Rent control is a housing policy that regulates rent adjustments and evictions by private landlords.

Description

The goal of rent control is to safeguard tenants from excessive rent increases and, at the same time, to assure landlords of fair and adequate rents. In this type of program, the City regulates rent increases and evictions in the private market, but does not provide the housing itself.

San Francisco’s rent control law, Chapter 37 of the Administrative Code, was passed in 1979 and it:

  • Created limits on how much landlords can increase rent for units built before June 13, 1979
  • Established rules for when landlords can lawfully evict
  • Established the Rent Arbitration Board to implement the law

When landlords want to increase rent (beyond the annual allowable increase) they generally must file a petition with the Rent Board. In most cases, landlords must also file notices to evict tenants. Tenants may also file petitions against their landlords. The Rent Board’s primary function is to conduct hearings and mediations of tenant and landlord petitions regarding the adjustment of rents under the City’s rent control laws. The Rent Board also investigates reports of Alleged Wrongful Eviction.

Evictions affects housing affordability in a variety of ways. One way is via the number of rent controlled units available. Evictions can affect the supply of rent controlled units if the goal of the eviction is to convert the unit to an owner occupied unit. Evictions can also result in an increase in the asking rent, as landlords may rent units now vacant due to evictions to new tenants at prevailing market rates. Changes and improvements to units that result in allowable rent increases may affect affordability for current occupants, although in most cases financial hardship provisions protect tenants.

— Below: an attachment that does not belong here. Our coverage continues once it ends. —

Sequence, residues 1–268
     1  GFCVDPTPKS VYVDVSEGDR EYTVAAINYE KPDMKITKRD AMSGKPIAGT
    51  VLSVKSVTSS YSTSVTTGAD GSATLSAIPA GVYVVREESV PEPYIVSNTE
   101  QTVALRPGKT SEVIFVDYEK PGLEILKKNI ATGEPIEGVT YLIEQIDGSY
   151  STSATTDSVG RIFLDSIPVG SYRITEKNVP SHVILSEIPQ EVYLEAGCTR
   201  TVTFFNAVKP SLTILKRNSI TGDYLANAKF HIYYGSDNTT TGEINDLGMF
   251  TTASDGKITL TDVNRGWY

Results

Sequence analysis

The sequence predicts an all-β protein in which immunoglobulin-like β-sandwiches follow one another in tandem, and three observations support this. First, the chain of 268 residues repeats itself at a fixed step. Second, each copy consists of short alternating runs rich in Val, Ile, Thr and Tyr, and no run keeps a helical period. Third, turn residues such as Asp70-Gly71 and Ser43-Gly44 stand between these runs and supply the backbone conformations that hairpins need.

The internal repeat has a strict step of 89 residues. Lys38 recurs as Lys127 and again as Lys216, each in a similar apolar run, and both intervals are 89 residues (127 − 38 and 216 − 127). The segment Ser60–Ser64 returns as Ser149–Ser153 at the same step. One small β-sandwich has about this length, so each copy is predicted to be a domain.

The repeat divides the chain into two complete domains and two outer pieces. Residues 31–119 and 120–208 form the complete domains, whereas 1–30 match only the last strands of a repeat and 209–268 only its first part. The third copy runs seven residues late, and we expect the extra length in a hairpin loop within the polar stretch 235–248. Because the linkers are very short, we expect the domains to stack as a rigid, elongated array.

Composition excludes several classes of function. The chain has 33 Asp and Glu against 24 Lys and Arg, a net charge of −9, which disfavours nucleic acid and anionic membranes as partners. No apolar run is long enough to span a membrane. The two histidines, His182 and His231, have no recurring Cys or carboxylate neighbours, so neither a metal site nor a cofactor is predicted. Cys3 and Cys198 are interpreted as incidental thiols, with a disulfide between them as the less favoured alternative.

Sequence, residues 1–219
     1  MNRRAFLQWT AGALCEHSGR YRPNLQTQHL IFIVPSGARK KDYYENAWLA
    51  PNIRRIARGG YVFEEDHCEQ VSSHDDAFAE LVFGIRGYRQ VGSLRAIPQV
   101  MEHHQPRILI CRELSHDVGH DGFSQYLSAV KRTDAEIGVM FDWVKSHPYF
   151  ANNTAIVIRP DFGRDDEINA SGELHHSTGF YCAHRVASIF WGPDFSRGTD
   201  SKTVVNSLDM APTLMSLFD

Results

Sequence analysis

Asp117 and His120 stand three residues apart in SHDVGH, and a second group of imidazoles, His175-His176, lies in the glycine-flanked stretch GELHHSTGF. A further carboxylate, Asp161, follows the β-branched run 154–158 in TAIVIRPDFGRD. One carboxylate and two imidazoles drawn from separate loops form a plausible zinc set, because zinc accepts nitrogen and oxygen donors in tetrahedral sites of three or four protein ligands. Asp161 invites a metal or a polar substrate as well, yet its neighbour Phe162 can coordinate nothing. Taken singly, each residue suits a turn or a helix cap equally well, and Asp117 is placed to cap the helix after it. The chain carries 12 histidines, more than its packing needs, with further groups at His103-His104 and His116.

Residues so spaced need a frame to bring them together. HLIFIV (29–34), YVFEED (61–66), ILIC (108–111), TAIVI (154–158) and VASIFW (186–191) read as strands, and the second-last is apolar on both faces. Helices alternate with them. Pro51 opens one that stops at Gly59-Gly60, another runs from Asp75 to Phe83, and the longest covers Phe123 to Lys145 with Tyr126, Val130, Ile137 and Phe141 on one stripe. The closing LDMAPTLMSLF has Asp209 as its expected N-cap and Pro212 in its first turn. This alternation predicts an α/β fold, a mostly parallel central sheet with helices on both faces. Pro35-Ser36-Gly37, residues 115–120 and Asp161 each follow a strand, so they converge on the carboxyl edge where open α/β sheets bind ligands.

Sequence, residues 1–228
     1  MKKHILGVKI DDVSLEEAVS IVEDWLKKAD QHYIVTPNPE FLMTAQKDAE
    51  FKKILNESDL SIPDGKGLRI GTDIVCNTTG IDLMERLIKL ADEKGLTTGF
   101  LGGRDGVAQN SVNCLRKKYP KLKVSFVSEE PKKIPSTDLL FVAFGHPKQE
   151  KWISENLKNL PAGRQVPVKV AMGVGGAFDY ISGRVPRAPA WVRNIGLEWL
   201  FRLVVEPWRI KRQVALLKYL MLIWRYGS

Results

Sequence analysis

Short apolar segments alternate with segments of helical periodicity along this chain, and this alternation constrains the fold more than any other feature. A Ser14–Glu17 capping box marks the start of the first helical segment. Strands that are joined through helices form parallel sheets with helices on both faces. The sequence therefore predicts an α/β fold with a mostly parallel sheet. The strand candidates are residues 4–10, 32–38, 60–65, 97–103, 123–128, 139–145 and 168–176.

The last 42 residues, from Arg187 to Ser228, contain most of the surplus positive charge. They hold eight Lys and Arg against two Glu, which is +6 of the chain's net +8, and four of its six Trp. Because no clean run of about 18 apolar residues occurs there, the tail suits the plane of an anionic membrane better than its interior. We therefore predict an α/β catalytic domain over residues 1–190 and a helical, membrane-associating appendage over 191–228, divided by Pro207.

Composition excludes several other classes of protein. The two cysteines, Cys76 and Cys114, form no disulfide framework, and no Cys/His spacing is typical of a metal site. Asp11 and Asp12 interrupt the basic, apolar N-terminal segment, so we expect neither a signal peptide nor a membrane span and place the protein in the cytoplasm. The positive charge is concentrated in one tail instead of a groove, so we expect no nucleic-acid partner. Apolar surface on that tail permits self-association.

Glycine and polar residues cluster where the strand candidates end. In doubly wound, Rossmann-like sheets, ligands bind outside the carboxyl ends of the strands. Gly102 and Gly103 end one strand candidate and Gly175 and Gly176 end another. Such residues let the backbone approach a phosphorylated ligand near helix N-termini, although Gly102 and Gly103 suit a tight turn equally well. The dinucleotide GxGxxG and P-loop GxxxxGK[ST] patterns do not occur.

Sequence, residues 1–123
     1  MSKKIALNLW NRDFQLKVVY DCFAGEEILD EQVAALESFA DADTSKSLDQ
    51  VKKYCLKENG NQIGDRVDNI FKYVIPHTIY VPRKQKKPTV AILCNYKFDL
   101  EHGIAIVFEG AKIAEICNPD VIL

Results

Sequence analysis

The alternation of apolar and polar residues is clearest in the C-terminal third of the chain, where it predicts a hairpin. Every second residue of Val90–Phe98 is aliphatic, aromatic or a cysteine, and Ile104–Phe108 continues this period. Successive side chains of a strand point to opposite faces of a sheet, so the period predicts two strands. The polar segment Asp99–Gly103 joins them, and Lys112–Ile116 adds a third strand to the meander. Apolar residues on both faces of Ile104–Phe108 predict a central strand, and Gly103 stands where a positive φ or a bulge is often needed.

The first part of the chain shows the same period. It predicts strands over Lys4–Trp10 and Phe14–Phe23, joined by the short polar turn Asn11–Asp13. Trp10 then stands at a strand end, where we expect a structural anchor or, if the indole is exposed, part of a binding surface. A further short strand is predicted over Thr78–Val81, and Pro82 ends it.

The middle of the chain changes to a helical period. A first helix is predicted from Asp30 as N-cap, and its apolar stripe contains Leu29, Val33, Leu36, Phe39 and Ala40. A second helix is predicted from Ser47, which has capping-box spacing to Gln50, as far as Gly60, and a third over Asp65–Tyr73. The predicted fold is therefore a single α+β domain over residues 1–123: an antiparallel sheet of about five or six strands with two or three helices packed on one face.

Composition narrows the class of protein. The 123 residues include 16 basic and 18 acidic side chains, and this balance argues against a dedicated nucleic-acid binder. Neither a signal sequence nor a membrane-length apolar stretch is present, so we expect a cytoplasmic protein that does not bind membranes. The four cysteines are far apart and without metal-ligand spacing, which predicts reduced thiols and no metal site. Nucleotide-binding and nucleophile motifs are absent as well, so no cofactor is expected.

The table below summarizes the reasons for evictions, distinguishes between good faith or “no fault” evictions and “fault” evictions, where the tenant has committed an act that serves as a “just cause” for eviction. The table aslo indicates which eviction reasons impact the supply of rent controlled units.

Reason for eviction Fault or No Fault Supply Impact[1] Citation
Non-payment of Rent Fault   37.9(a)(1)(A)
Habitual Late Payment of Rent or Frequently returned checks Fault   37.9(a)(1)(B-C)
Breach of Lease Agreement Fault   37.9(a)(2)
Nuisance Fault   37.9(a)(3)
Illegal Use of Unit Fault   37.9(a)(4)
Failure to Sign Lease Renewal Fault   37.9(a)(5)
Denial of Access to Unit Fault   37.9(a)(6)
Unapproved Subtenant Fault   37.9(a)(7)
Owner Move In No Fault Yes 37.9(a)(8)
Condo Conversion No Fault Yes 37.9(a)(9)
Demolition No Fault Yes 37.9(a)(10)
Capital Improvement[2] No Fault   37.9(a)(11)
Substantial Rehabilitation No Fault   37.9(a)(12)
Ellis Act Withdrawal No Fault Yes 37.9(a)(13)
Lead Remediation[2] No Fault   37.9(a)(14)
Development Agreement No Fault Depends[3] 37.9(a)(15)
Good Samaritan Tenancy Ends No Fault   37.9(a)(16)
Roommate Living in Same Unit No Fault   37.9(b)
Other      

[1] Some no fault evictions can indicate a change in unit status. For these units, the eviction may result in a loss, either permanently or for a substantial period of time, of the rent controlled unit in the rental market. Some of these units may return to being rentals. If the owners convert back to rentals, the unit still falls under the rent control ordinance.

[2] For both capital improvements and lead remediation, the tenant is temporarily displaced and provided with compensation. Once repairs are complete, the tenant may move back into the unit.

[3] The terms of development agreements are on a case by case basis and the impact on the number of rent control units varies depending on the agreement terms. Terms can include a requirement to replace rent controlled units at a different location or to provide rent controlled units to occupants in place at the time of the agreement.

Data

Organizations

Rent Arbitration Board | The Rent Board implements the rent ordinance and establishes additional rules; arbitrates and mediates disputes between tenants and landlords; investigates complaints of wrongful evictions and provides other services, such as counseling on the details of the law.

Resources